Hisense U8HAU Gaming Review: A Lot To Like, But Important Stuff To Hate

Hisense U8HAU Gaming Review: A Lot To Like, But Important Stuff To Hate

As a general rule, large companies release the same basic product worldwide. You might get a few regional changes to account for, say, PAL vs NTSC in the old days, or different kinds of antennas in smartphones. But usually, if you hear a product is amazing overseas, it’s going to be the same here. Not so for the Hisesnse U8HAU, which is (for some reason) almost completely different to the overseas model.

What’s the main difference here? Fewer dimming zones. Overseas it has “more than 500”, while here it’s “more than 100”, which is noticeably less than 500. Also, it’s a VIDAA TV instead of a Google TV, Google TV being a name you recognise as making a pretty good TV operating system, and VIDAA being a name I hope to never hear again.

However, at an RRP of $3999, and frequently found below $3000, this 75” Mini-LED TV (also available in 55” and 65” flavours) is the cheapest you’ll find a Mini-LED. But is it worth it? And is it any good for gaming?

Hisense U8HAU Gaming

The first thing you’ll notice when you look at the back of the TV is that the Hisense U8HAU only has two HDMI 2.1 ports. That’s disappointing in a flagship TV, but not too bad, right? The vast majority of people aren’t going to plug in more than two HDMI 2.1 game consoles, and people who plug in their PC, Xbox Series X and PS5 can just get a different TV.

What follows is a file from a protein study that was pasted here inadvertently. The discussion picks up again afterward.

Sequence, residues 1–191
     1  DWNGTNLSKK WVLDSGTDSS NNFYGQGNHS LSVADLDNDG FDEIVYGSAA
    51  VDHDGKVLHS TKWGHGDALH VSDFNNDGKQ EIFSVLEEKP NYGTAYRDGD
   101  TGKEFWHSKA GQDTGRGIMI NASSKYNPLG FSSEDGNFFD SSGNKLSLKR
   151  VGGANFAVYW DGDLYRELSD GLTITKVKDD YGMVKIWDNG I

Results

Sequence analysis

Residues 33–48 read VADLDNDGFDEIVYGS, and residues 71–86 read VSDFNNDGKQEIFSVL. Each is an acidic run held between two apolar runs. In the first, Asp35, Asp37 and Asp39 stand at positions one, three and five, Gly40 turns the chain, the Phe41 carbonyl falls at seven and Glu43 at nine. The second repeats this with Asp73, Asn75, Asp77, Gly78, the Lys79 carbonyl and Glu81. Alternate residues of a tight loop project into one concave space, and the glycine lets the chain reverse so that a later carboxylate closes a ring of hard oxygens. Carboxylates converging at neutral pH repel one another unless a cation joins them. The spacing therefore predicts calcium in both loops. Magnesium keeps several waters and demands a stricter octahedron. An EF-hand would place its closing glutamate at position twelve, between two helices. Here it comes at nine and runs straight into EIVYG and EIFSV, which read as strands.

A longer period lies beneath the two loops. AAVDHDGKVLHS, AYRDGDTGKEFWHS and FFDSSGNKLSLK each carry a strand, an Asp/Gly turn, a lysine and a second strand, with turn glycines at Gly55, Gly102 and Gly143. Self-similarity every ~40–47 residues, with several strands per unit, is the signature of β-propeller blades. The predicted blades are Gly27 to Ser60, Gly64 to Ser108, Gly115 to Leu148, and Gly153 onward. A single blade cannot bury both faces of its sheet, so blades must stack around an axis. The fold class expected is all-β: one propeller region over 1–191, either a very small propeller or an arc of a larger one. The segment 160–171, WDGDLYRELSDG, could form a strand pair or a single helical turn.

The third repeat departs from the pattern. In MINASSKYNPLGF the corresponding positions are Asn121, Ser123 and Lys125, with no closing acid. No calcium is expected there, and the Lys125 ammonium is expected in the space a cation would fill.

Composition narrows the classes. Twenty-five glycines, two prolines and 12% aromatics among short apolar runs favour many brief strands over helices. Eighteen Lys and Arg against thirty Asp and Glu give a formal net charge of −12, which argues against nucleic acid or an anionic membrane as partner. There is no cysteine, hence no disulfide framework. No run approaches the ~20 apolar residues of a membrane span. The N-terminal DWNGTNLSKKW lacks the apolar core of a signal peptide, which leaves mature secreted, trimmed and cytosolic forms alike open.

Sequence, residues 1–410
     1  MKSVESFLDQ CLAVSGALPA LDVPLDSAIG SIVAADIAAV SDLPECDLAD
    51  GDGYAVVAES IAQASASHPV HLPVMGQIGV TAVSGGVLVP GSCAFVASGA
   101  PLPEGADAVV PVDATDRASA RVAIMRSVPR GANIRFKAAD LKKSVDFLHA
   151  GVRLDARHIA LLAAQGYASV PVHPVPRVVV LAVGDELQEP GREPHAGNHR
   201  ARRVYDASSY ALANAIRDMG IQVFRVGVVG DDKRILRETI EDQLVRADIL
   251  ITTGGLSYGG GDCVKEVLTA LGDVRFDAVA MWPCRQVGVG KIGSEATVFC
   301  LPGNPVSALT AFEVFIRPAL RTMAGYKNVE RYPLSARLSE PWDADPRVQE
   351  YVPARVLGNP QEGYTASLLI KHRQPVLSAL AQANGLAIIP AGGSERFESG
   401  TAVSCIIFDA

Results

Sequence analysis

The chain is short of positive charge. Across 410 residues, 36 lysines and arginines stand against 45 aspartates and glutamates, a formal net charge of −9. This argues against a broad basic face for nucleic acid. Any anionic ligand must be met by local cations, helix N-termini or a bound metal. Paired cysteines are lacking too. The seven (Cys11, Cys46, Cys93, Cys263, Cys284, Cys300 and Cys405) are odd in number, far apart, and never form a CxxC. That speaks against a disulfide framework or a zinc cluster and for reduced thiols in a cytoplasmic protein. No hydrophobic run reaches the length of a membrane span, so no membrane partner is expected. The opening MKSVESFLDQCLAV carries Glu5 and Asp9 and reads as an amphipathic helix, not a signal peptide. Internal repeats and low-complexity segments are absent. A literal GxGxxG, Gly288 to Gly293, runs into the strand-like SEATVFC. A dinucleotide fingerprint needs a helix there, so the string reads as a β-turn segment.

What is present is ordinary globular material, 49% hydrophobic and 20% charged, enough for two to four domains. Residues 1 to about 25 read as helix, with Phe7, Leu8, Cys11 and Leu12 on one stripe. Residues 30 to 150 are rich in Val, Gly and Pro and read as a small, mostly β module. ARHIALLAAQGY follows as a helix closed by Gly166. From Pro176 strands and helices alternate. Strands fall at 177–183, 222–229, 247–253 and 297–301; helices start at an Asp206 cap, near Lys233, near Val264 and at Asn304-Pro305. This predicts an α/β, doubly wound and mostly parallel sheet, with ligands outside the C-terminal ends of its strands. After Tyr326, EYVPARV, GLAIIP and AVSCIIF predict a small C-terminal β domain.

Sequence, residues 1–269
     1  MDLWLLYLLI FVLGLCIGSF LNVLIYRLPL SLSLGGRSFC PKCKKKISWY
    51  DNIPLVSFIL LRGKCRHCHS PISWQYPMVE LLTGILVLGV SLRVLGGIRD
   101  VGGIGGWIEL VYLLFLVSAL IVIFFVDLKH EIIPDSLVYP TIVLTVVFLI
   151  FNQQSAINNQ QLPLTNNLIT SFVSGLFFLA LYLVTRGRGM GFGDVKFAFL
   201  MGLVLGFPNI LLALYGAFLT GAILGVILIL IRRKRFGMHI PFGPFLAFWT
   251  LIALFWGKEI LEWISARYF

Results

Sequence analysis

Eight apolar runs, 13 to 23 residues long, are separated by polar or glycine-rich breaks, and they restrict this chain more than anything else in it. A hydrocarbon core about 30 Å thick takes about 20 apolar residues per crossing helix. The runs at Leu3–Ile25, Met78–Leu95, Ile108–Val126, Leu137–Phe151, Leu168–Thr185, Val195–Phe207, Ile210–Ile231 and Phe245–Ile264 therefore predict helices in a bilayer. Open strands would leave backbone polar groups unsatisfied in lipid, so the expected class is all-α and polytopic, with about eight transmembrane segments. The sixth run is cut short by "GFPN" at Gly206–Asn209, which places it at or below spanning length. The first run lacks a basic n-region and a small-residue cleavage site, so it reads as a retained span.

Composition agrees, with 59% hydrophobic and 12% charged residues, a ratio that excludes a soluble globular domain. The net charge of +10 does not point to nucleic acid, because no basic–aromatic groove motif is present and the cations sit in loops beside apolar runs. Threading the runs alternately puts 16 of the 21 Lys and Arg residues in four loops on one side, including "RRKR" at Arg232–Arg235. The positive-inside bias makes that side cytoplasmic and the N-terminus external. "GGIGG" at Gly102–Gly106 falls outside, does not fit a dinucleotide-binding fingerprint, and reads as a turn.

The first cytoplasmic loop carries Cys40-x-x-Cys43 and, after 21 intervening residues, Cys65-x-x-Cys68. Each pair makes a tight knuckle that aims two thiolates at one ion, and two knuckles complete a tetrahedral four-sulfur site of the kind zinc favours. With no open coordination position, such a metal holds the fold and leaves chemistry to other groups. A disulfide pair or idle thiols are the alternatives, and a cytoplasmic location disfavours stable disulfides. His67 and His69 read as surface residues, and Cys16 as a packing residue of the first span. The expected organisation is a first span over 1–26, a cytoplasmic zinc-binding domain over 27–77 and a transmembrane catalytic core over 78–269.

Except, one of those two HDMI 2.1 ports is the eARC port, so if you have a soundbar (and you should, but we’re getting to that), you really only have one HDMI 2.1 port. On a TV at this price point, all four HDMI ports should be HDMI 2.1. To only have one usable one is absolutely shocking. This will probably be remedied in the 2023 model, so maybe wait for that one, I guess.

Aside from that, the gaming experience is pretty smooth. I found Forza Horizon 5 looked a bit washed out, but I’m used to playing it on the Samsung QN900B, which is known for having overly vibrant greens, so that could be a personal preference thing.

I did also notice on Gotham Knights that there was some light blooming, presumably because there are so few local dimming spots. The whole point of Mini LED is that it’s supposed to have similar light control to an OLED TV. This is unexpected and kinda shocking. The blooming is quite noticeable, particularly when there’s white text on a black background. After I first noticed it, it became almost all I could see while playing dark scenes.

However! The TV does get pretty bright. Not as bright as my QN900B, but it’s also half the price, so I accept that. I could comfortably play during the day, with the curtains open, in my greenhouse of a living room. Two of the walls in my living room are floor to ceiling windows, with the biggest wall closest to the TV facing west, and as you can imagine that makes watching TV in the afternoon a challenge on lesser TVs. However, I had no problems with the Hisense U8HAU, there weren’t even any noticeable reflections on the screen, it was great. Big fan.

All that brightness is good for the many, many forms of HDR the TV supports. HDR10+, Dolby Vision and Imax Enhanced Certification. Dolby Vision is the most relevant to gaming, and it looks really good. Nice textures, much texture. So, well done on that, Hisense.

The 120Hz meant that gaming was buttery smooth (there is a law saying that whenever you talk about 120fps, you have to include a reference to butter), and the variable refresh rate was exactly as you would expect.

Hisense U8HAU OS

I have seen some bad TV operating systems in my time, and VIDAA is definitely one of them. Why? Why would you do this to a perfectly fine television? It looks bad, it’s clunky to navigate, and I get the distinct vibe that a team of interns made it in a week after Hisense decided the Australian market wasn’t worth paying the Google TV licencing for.